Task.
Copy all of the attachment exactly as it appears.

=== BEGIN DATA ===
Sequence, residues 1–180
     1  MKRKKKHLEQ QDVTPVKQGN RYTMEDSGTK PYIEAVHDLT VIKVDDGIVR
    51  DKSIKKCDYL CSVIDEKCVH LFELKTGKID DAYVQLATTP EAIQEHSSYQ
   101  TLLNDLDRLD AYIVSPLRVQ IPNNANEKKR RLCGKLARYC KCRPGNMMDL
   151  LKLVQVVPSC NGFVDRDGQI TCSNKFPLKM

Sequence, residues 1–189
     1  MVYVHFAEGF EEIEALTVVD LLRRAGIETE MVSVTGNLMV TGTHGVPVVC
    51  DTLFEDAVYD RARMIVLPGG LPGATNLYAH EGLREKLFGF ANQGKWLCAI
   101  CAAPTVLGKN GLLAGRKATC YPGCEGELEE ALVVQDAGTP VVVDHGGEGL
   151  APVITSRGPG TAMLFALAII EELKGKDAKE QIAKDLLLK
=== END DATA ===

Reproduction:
Sequence, residues 1–180
     1  MKRKKKHLEQ QDVTPVKQGN RYTMEDSGTK PYIEAVHDLT VIKVDDGIVR
    51  DKSIKKCDYL CSVIDEKCVH LFELKTGKID DAYVQLATTP EAIQEHSSYQ
   101  TLLNDLDRLD AYIVSPLRVQ IPNNANEKKR RLCGKLARYC KCRPGNMMDL
   151  LKLVQVVPSC NGFVDRDGQI TCSNKFPLKM

Sequence, residues 1–189
     1  MVYVHFAEGF EEIEALTVVD LLRRAGIETE MVSVTGNLMV TGTHGVPVVC
    51  DTLFEDAVYD RARMIVLPGG LPGATNLYAH EGLREKLFGF ANQGKWLCAI
   101  CAAPTVLGKN GLLAGRKATC YPGCEGELEE ALVVQDAGTP VVVDHGGEGL
   151  APVITSRGPG TAMLFALAII EELKGKDAKE QIAKDLLLK